Most of us recognise "Yule" and "Yuletide" as alternative names for Christmas. Where do they come from?
Yule is the modern spelling of an Old English word "giuli", which was the name used by the early English ('Anglo-Saxons') for the months corresponding roughly to modern December and January. Both months had the same name, or else it was a double-length month. We know the name because it was recorded by Bede, a monk at the monastery of Jarrow in Northumbria (northern England), in his book On the Reckoning of Time, which was written in 726 AD. That's almost 1300 years ago, which makes Yule one of the earliest recorded English words.
Bede was a Christian, and his book was devoted to explaining the workings of the Christian calendar, but he very kindly (for us) took the trouble to explain how the English calendar worked before the conversion to Christianity. He tells us that Giuli (Yule) is called after the day when the sun turns back and begins to increase again - in other words, the shortest day of the year or the winter solstice. Even today in our technological society, with food in abundance and light on demand, most of us are pleased to see the days starting to get longer again, with its promise that the sun is going to come back (yes, even in damp and rainy Britain) and spring is going to come round again. It's easy to imagine how important it must have been to the early English farmers, who depended on growing crops and raising livestock. They made it the start of their year, and celebrated it with a festival called "Modranecht", Mothers' Night. Bede says it was the same date as the Christian celebration of Christmas.*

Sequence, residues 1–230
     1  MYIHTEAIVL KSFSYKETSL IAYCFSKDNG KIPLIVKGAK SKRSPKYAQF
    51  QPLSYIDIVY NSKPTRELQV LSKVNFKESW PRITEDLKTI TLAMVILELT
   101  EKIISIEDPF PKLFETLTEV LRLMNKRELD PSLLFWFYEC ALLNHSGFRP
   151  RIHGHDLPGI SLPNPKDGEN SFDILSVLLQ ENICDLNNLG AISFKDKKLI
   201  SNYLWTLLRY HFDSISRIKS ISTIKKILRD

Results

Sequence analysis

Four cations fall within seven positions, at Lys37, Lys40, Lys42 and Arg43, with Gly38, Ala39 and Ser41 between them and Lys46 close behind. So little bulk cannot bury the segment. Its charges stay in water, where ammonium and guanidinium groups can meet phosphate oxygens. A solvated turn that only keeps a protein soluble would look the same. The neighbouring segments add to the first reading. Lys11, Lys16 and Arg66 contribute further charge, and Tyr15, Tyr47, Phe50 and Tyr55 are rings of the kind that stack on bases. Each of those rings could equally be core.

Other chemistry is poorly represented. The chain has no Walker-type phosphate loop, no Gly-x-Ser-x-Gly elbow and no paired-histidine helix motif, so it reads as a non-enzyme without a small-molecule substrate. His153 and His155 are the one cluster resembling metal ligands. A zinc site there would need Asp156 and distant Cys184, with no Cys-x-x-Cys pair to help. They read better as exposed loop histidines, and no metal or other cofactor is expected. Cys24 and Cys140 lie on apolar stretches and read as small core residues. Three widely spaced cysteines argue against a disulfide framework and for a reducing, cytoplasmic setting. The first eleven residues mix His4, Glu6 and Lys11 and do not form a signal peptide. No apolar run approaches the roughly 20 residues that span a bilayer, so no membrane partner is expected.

Who were the Mothers of Mothers' Night? Bede, naturally enough for a devout Christian, doesn't explain. They may have been related to the goddesses of plenty and good fortune who were honoured in inscriptions in Germany, Holland and Britain in the first century AD.
What ceremonies were held in their honour on Mothers' Night? Again, Bede doesn't tell us, so it's largely open to the imagination. Since they were goddesses of plenty, it's a fair guess that a great feast was a central part of the celebrations.
* In the Julian calendar used in Bede's day, 25 December was the date of the solstice. Since then the calendar has been modified, so the solstice now falls on 21 or 22 December.
Bede: The Reckoning of Time. Translated by Faith Wallis. Liverpool University Press, 1999, ISBN 0-85323-693-3.